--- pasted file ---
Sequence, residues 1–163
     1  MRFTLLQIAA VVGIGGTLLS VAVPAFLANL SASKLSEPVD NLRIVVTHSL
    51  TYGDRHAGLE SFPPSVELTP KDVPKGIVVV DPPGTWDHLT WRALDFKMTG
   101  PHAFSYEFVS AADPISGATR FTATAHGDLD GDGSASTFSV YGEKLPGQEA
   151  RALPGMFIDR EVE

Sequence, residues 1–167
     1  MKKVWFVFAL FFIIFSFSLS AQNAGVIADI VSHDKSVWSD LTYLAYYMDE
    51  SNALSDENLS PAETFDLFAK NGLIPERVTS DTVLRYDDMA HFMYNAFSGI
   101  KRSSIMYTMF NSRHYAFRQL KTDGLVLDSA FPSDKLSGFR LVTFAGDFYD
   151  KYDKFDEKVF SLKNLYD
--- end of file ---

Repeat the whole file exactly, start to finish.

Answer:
Sequence, residues 1–163
     1  MRFTLLQIAA VVGIGGTLLS VAVPAFLANL SASKLSEPVD NLRIVVTHSL
    51  TYGDRHAGLE SFPPSVELTP KDVPKGIVVV DPPGTWDHLT WRALDFKMTG
   101  PHAFSYEFVS AADPISGATR FTATAHGDLD GDGSASTFSV YGEKLPGQEA
   151  RALPGMFIDR EVE

Sequence, residues 1–167
     1  MKKVWFVFAL FFIIFSFSLS AQNAGVIADI VSHDKSVWSD LTYLAYYMDE
    51  SNALSDENLS PAETFDLFAK NGLIPERVTS DTVLRYDDMA HFMYNAFSGI
   101  KRSSIMYTMF NSRHYAFRQL KTDGLVLDSA FPSDKLSGFR LVTFAGDFYD
   151  KYDKFDEKVF SLKNLYD